Tuesday, November 27, 2007

Tuesday Talking Points Memo: Eastward-Bound for Fresh & Easy

Tesco is looking beyond the Western U.S., to Chicago and the East Coast, for Fresh & Easy Neighborhood Markets' expansion

"Natural~Specialty Foods' Talking Points Memo expects to see other large retailers look closely at and even get into the "Small Mart" format. We especially believe there's a niche on the East Coast. Thus far all three players-Tesco (Fresh & Easy stores), Wal-Mart (in development) and Whole Foods (Express prototype store soon to open in Boulder, Colorado) are focused on the Western U.S. The East Coast, with its demographics and mix of large cities and suburbs is wide open (for Fresh & Easy-type stores)."

Nearly three months ago we were predicting here that the eastern USA is fertile ground for Tesco, with its Fresh & Easy Neighborhood Markets format, and others to launch what we call a "Small Mart" format revolution. "Small Mart's," a term we coined because of Wal-Mart's ongoing research into developing two small format stores, are small footprint grocery markets like Tesco's Fresh & Easy, which the British retailer has started opening in the Western U.S. Thus far, thirteen Fresh & Easy stores are open in the U.S.--eight in Southern California and five in the Las Vegas, Nevada metropolitan area. Two more Fresh & Easy convenience-style grocery markets open tomorrow in Southern California. The first stores open in Arizona in early December.

Two news stories, one on November 25 in the London Times Online and another last week in the publication Retail Week, are reporting that Tesco is scouting the Eastern U.S., particularly New York and New Jersey and down to Florida, and the Chicago metropolitan area, for locations for Fresh & Easy Neighborhood Markets. Additionally, Retail Week reports Tesco is looking for a sight in the Chicago region for a distribution center.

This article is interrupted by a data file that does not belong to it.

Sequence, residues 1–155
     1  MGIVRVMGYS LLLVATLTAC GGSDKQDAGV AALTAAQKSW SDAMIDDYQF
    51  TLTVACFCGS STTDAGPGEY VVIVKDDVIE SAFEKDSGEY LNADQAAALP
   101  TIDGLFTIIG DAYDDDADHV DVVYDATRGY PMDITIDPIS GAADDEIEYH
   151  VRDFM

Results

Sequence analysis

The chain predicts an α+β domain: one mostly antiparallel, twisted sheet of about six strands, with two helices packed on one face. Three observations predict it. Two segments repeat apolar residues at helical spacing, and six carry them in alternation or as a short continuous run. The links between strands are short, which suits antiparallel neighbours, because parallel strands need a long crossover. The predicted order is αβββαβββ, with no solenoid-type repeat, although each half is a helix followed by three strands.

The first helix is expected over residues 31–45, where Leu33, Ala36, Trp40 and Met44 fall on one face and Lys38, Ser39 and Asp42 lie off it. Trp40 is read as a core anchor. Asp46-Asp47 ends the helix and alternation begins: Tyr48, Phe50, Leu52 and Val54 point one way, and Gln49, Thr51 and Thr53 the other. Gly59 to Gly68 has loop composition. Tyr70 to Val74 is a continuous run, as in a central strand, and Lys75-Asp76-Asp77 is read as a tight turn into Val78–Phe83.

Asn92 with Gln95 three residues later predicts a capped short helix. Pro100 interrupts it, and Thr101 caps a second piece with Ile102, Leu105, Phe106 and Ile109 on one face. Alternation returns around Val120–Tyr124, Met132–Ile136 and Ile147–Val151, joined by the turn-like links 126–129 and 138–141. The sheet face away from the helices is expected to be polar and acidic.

We've heard these rumors of a Midwest and Eastern U.S. expansion from our sources--who've been very reliable to date--for the past month. However, we haven't reported on it as the time- line we've been hearing is 2009. However, it's highly-probable Tesco has moved it's post-Western U.S. expansion time-line up, as the retailer is on the fast-track in terms of it's Fresh & Easy growth strategy.
For example, as we were one of the first to report, Tesco executives are currently combing Northern and Central California for Fresh & Easy store locations and a distribution center to serve the region. It's possible the grocer could build as many as 50-75 stores in Northern and Central California in the next 24 months.

Southern California was initially the primary target region for stores in the state for 2007 and 2008. Tesco plans to have 50 Fresh & Easy stores open in Southern California, Nevada and Arizona by February, 2008, according to Tim Mason, CEO of Tesco USA.

According to Retail Week, a U.S. source told the publication Tesco was "definitely" considering launching a distribution center and Fresh & Easy stores in and around Chicago. However, the source said it's unlikely Tesco would do so before the end of 2008. This source's information to Retail Week fits our sources' information fairly well in terms of the time-line for Midwest and Eastern U.S. expansion plans.